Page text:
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U.S.-Iran: Breakthrough after decades of silence

U.S.-Iran: Breakthrough after decades of silence
A protester, left, approaches President Hassan Rouhani's car leaving Mehrabad airport after his arrival from the U.S. in Tehran, Iran, Saturday, Sept. 28, 2013.
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WASHINGTON (AP) - The Iranian president was ending his visit to the United States when he made contact with the White House.

With his car inching through New York traffic, Hassan Rouhani heard President Barack Obama's voice on the telephone as Obama sat at his desk in the Oval Office.

Fifteen minutes later, the two men say goodbye in each other's language.

With that, a generation-long rift between the U.S. and Iran was that much closer to being bridged.

Iranians awoke Saturday to learn about the groundbreaking conversation, the first in 34 years between leaders of the two countries.

They pledged to resolve concerns about Iran's nuclear ambitions, which have isolated Iranians from the rest of the world and led to crippling economic penalties.

Upon his arrival in Tehran on Saturday, Rouhani was met by both cheering supporters and opposition hardliners who tried to block his motorcade.

Several dozen protesters shouted "Death to America" and at least one reportedly hurled a shoe, a gesture of contempt. Supporters greeted Rouhani with cheers and placards praising his peace efforts.

The focus now turns to negotiations among foreign ministers and other officials from the five permanent members of the U.N. Security Council plus Germany. The group wants Iran to present a more detailed proposal before or at the next round of negotiations, scheduled in Geneva on Oct. 15-16, according to an Obama administration official.

Rouhani's aides initially reached out to arrange the call, said officials, who weren't authorized to comment by name and demanded anonymity. But it was Obama who signaled days earlier he was willing to meet with his Iranian counterpart.

By the end of the call, Obama was suggesting that a breakthrough on the nuclear issue could portend even deeper ties between the U.S. and Iran. Such a notion would have seemed unthinkable in recent years, when Rouhani's predecessor was describing America in satanic terms.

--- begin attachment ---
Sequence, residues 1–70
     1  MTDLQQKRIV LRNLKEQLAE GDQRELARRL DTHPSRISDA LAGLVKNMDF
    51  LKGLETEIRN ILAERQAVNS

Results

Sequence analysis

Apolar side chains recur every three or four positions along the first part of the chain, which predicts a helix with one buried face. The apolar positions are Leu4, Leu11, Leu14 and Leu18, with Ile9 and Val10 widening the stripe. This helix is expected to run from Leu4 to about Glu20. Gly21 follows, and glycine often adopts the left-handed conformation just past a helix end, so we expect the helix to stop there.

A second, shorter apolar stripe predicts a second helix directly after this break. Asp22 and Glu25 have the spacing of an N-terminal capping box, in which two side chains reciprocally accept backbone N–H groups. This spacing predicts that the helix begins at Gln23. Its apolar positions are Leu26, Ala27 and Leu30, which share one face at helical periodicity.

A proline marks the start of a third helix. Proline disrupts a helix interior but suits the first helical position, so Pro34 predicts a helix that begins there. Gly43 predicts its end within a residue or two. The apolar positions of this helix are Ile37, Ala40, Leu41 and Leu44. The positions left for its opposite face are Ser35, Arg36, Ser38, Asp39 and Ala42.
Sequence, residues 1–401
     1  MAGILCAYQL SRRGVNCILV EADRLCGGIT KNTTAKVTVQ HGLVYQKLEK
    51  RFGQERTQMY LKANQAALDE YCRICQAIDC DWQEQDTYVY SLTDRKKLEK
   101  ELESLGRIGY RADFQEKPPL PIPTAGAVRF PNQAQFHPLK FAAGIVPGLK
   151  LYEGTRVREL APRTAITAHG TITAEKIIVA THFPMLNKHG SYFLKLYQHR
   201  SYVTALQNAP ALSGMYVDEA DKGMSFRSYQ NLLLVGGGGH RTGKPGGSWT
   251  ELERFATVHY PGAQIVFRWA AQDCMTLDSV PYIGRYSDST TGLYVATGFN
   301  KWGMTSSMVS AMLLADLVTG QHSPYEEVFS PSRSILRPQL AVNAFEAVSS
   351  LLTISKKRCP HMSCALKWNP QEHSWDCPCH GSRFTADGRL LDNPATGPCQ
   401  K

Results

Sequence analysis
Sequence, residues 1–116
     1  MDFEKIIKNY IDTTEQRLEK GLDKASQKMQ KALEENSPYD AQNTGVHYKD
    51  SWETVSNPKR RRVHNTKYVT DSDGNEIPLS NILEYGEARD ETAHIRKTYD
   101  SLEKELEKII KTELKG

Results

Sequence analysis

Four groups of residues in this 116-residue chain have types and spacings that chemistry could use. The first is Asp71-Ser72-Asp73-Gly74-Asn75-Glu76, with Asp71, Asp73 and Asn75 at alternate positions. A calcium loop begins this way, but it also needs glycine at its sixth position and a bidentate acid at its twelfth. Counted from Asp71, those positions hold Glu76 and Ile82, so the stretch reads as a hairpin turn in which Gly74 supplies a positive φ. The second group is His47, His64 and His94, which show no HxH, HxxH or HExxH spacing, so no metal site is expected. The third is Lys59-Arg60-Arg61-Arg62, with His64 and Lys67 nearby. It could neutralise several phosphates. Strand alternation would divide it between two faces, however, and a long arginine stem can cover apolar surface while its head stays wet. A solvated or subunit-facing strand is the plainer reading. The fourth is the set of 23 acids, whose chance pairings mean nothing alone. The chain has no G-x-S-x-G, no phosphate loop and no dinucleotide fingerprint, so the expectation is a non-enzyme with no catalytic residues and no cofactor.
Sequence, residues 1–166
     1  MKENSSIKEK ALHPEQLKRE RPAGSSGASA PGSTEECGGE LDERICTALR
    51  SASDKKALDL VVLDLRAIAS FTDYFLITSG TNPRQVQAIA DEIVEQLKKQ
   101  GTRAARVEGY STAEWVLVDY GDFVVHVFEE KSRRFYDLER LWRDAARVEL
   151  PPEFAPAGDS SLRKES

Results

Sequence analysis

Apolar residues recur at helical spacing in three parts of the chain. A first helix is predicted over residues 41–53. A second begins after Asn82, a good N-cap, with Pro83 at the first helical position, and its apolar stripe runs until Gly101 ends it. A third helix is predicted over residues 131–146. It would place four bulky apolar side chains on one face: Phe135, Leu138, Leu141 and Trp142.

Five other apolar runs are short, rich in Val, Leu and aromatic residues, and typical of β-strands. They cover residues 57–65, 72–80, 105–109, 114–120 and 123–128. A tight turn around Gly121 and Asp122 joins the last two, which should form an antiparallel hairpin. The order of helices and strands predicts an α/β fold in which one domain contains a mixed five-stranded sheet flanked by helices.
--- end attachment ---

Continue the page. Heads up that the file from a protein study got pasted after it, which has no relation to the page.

The telephone call capped a week of seismic shifts in the relationship while Rouhani was in the U.S. for an annual U.N. meeting. Obama had left open the possibility of an exchange with Rouhani, but the Iranian later said the timing wasn't right.

But hours before the phone call, at a news conference in New York, Rouhani linked the U.S. and Iran as "great nations." The night before, U.S. and European diplomats were hailing a "very significant shift" in Iran's attitude and tone in the first talks on the nuclear standoff since April.

"While there will surely be important obstacles to moving forward, and success is by no means guaranteed, I believe we can reach a comprehensive solution," Obama told reporters Friday at the White House.

The U.S. and Western allies imposed the penalties after years of Iran's stonewalling inspections and secrecy about its activities fueled fears about its intentions - especially as they relate to Israel. Iran insists its nuclear program is strictly for peaceful purposes.

House Majority Leader Eric Cantor, R-Va., criticized Obama for failing to pressure Rouhani on Iran's support for Islamic extremist groups and on human rights issues.

He said the U.S. is fooling itself if it thinks that Rouhani, who took office in August after running on a more moderate platform, isn't beholden to Iran's supreme leader, Ayatollah Ali Khamenei, who controls matters of state, including the nuclear program.

For Obama, the call marked a realization of sorts of a stance he took in 2008, when he was first running for president and saying he would be willing to meet with leaders from nations such as Iran, Syria and North Korea without conditions. The policy earned him rebukes from critics who questioned what they derided as a Pollyanna approach to security threats.

The offer on the negotiating table for Rouhani would give Iran some relief from the economic penalties and pledge not to impose new ones. In exchange, Iran would end uranium enrichment that nears or reaches 20 percent, a level just a few steps from what's needed to produce fuel for an atomic weapon.

The deal, offered last February, would require suspended enrichment at Iran's fortified underground Fordo facility and increased access for U.N. inspectors.

"It's way too soon to presume either the prospect of an agreement on the nuclear program, which we hope to be able to achieve, but we're quite sober about the potential for that," Obama's national security adviser, Susan Rice, told CNN's "Fareed Zakaria GPS."

She added that "if we could have a peaceful resolution of the nuclear program and an end to Iran's support for terrorism and other behavior that has concerned us over many years, then we could begin a serious discussion about the future."

Obama said that the U.S. will coordinate closely with its allies - including Israel, which considers a nuclear-armed Iran to be an existential threat.

Obama is set to meet with Israeli Prime Minister Benjamin Netanyahu at the White House on Monday.

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Associated Press writers Jim Kuhnhenn in Washington and Lara Jakes and Matthew Lee at the United Nations contributed to this report.
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